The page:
Parenting is a full-time job all by itself, and when you combine this with your career, it can be overwhelming.  One way to have more balance in your life is to ask for help and delegate a few household tasks to your spouse and older children. When they pitch in, it makes things less stressful for you.  Another thing you can do is take out time for yourself during the week. On your days off, you might go for a jog and visit your favorite coffeehouse while your spouse or parents look after the kids for a few hours.  Here are additional ways to juggle parenting and your career.

Consider Working from Home

If working outside the home is becoming too much of a challenge, then consider working from home.  Talk to your boss about doing a majority of your work from home and cutting back on the days you go to the office.  If this isn't possible, seek out new remote work opportunities. There are numerous types of work-from-home jobs available. These jobs include graphic designer, freelance writer, web designer, social media manager, and online translator. The good news is that many of these positions offer full-time work.


Maintain a Consistent Morning Routine

You don't have to create a rigid schedule, but for working parents, it's vital that you have a consistent morning routine.  On the night before, pack the kids' lunches and iron the outfits they'll wear in the morning. Prepare your coffeemaker and tidy up certain rooms in the house so that there will be less to clean in the morning. It also helps to do the things you procrastinate on when you first wake up.  If you've been procrastinating on your quiet time and reading devotionals, do this every morning instead of checking emails.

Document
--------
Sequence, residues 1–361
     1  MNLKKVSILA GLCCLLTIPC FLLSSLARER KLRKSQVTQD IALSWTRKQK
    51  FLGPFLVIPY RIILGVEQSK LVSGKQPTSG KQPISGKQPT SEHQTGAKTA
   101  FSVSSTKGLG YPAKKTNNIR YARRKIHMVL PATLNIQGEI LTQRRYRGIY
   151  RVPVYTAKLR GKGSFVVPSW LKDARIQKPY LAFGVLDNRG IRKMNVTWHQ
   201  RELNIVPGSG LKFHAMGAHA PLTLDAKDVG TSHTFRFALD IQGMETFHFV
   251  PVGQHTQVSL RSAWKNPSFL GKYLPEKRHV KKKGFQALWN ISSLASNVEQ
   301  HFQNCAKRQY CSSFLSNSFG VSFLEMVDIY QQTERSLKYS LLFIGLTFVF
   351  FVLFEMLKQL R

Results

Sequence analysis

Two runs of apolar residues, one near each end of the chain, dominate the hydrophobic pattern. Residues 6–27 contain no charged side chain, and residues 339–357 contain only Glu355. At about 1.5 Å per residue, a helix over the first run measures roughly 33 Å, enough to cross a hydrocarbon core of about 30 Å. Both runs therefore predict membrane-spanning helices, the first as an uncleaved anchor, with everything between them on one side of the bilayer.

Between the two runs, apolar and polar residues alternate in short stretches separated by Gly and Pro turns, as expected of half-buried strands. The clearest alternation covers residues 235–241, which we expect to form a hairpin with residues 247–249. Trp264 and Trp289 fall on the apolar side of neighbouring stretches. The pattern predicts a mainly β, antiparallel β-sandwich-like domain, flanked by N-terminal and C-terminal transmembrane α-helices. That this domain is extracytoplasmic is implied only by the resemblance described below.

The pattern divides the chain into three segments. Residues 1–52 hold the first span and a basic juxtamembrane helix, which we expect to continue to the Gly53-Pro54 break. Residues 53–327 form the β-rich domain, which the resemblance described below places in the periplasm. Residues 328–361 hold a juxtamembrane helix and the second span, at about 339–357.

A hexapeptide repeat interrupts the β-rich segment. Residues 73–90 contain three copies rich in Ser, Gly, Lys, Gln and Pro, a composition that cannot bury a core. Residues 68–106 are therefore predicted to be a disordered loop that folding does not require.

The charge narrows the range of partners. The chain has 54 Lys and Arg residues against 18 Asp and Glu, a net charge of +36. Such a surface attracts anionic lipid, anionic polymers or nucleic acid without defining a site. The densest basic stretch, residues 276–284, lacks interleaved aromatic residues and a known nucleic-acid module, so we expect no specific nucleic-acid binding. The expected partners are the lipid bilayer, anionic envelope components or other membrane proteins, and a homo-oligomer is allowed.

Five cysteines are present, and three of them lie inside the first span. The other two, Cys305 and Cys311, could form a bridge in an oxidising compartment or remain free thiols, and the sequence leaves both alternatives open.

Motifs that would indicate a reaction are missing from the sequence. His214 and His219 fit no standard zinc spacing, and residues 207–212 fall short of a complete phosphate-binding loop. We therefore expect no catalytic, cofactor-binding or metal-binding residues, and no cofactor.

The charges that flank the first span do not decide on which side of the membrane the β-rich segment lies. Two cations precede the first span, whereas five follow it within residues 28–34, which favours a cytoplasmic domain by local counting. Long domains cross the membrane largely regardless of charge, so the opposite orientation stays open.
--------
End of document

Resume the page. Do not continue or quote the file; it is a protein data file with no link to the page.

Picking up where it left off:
Stop the Working Mom Guilt

You don't have to feel guilty about being a working mom. Your career or business is providing the necessary finances to give your children the things they need and want.  Don't let relatives and friends tell you that your kids will suffer because you're not home with them all the time.  The truth is that your kids learn to be resilient and self-sufficient from your example as a working mom. You're doing a fantastic job.


Don't Take Work Home

When you come home from work, leave your office tasks behind, and focus on your family and yourself.  Use the afternoons to help your kids with their homework and to relax. Don't answer business emails or answer calls from coworkers during family time.  If necessary, place your phone in a different room to reduce the temptation to use it.  Take time to laugh and enjoy your family.  Eat dinner with them and ask everyone how their day went.

You can thrive as a working mom. It just takes structure, a positive attitude, and the ability to separate your personal life from your professional life.

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